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Fenton v. Colvin

United States District Court, D. Oregon

March 9, 2015

DONA C. FENTON, Plaintiff,
v.
CAROLYN W. COLVIN, Commissioner of Social Security, Defendant.

Alan Stuart Graf, Attorney for Plaintiff.

S. Amanda Marshall, United States Attorney, and Ronald K. Silver, Assistant United States Attorney, UNITED STATES ATTORNEYS OFFICE, District of Oregon, Lisa Goldoftas, Special Assistant United States Attorney, OFFICE OF THE GENERAL COUNSEL, Social Security Administration, Attorneys for Defendant.

OPINION AND ORDER

MICHAEL H. SIMON, District Judge.

Dona Fenton ("Plaintiff") seeks judicial review of the final decision of the Commissioner of the Social Security Administration ("Commissioner") denying her application for disability insurance benefits ("DIB") under Title II of the Social Security Act. For the reasons discussed below, the Commissioner's decision is reversed and remanded for immediate payment of benefits.

STANDARD OF REVIEW

The district court must affirm the Commissioner's decision if it is based on the proper legal standards and the findings are supported by substantial evidence. 42 U.S.C. § 405(g); see also Hammock v. Bowen, 879 F.2d 498, 501 (9th Cir. 1989). "Substantial evidence" means "more than a mere scintilla but less than a preponderance." Bray v. Comm'r Soc. Sec. Admin., 554 F.3d 1219, 1222 (9th Cir. 2009) (quoting Andrews v. Shalala, 53 F.3d 1035, 1039 (9th Cir. 1995)). It means "such relevant evidence as a reasonable mind might accept as adequate to support a conclusion." Id. (quoting Andrews, 53 F.3d at 1039).

Where the evidence is susceptible to more than one rational interpretation, the Commissioner's conclusion must be upheld. Burch v. Barnhart, 400 F.3d 676, 679 (9th Cir. 2005). Variable interpretations of the evidence are insignificant if the Commissioner's interpretation is a rational reading of the record, and this Court may not substitute its judgment for that of the Commissioner. See Batson v. Comm'r Soc. Sec. Admin., 359 F.3d 1190, 1193 (9th Cir. 2004). "[A] reviewing court must consider the entire record as a whole and may not affirm simply by isolating a specific quantum of supporting evidence." Orn v. Astrue, 495 F.3d 625, 630 (9th Cir. 2007) (quoting Robbins v. Soc. Sec. Admin., 466 F.3d 880, 882 (9th Cir. 2006) (quotation marks omitted)). A reviewing court, however, may not affirm the Commissioner on a ground upon which the Commissioner did not rely. Id.; see also Bray, 554 F.3d at 1226.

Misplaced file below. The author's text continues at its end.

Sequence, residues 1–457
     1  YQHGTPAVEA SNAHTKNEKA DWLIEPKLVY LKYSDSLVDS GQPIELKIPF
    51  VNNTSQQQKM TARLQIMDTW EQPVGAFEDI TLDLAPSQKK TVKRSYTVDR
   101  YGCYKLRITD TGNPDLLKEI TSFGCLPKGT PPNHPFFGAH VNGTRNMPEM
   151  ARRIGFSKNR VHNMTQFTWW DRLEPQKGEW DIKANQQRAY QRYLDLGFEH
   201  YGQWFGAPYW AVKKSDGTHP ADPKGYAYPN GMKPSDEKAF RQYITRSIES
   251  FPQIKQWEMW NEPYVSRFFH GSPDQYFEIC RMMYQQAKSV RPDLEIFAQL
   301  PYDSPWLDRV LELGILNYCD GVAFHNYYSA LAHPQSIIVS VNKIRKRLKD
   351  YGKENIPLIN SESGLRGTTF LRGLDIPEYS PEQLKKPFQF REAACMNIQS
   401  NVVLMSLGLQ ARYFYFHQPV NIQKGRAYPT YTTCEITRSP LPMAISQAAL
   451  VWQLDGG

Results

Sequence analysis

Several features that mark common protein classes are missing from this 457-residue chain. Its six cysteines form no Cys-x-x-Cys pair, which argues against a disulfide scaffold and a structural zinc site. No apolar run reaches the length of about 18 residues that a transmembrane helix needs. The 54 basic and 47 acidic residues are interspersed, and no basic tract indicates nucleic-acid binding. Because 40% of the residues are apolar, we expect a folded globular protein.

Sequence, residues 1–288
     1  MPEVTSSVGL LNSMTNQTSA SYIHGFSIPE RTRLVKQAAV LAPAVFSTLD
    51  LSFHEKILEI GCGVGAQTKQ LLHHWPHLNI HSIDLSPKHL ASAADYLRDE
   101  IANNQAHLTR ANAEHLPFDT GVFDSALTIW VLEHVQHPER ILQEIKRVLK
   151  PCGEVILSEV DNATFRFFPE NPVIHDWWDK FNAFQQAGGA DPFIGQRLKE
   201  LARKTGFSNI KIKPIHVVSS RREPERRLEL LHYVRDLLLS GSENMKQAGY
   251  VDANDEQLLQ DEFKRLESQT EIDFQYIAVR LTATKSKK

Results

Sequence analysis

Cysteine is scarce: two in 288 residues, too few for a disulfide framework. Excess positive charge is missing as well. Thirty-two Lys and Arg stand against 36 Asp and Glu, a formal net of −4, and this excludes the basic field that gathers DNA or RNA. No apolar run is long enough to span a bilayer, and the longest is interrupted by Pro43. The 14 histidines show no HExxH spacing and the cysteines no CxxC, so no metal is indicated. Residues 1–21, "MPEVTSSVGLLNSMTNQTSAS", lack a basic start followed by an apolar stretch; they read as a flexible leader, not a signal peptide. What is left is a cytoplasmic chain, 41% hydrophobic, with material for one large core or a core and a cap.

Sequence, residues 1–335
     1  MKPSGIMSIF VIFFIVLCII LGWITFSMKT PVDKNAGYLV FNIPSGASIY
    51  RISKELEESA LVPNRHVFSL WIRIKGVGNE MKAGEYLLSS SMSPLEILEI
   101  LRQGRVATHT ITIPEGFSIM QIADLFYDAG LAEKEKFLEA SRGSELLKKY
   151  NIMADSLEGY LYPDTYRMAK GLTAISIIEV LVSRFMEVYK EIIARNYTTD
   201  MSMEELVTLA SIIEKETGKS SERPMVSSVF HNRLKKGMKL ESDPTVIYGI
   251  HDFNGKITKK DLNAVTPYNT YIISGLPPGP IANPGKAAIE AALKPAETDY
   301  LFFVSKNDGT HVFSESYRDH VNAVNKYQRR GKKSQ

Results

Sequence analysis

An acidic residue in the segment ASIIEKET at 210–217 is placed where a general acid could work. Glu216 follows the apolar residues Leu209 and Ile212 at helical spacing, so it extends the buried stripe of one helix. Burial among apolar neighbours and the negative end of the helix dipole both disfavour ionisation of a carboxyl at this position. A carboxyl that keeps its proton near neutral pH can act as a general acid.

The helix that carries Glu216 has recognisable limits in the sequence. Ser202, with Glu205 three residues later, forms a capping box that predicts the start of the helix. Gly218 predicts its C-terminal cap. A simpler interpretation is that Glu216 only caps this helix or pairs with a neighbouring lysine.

BACKGROUND

A. Plaintiff's Application

Plaintiff was born in March, 1968. AR 131. She protectively filed an application for DIB benefits on May 6, 2010. AR 14, 131. Plaintiff initially alleged a disability onset date of June 10, 2009, but later amended that date to April 1, 2010. AR 14. Plaintiff was 42 years old at the alleged disability onset date. AR 131.

Plaintiff's claim was denied initially on September 16, 2010, and upon reconsideration on January 27, 2011. AR 14. She requested a hearing before an ALJ, and a hearing was held on September 17, 2012. AR 29-62. On October 4, 2012, the ALJ issued a written decision finding Plaintiff not disabled. AR 11-24. The Appeals Council denied Plaintiff's subsequent request for review on January 2, 2014, making the ALJ's decision final. AR 1. This appeal followed.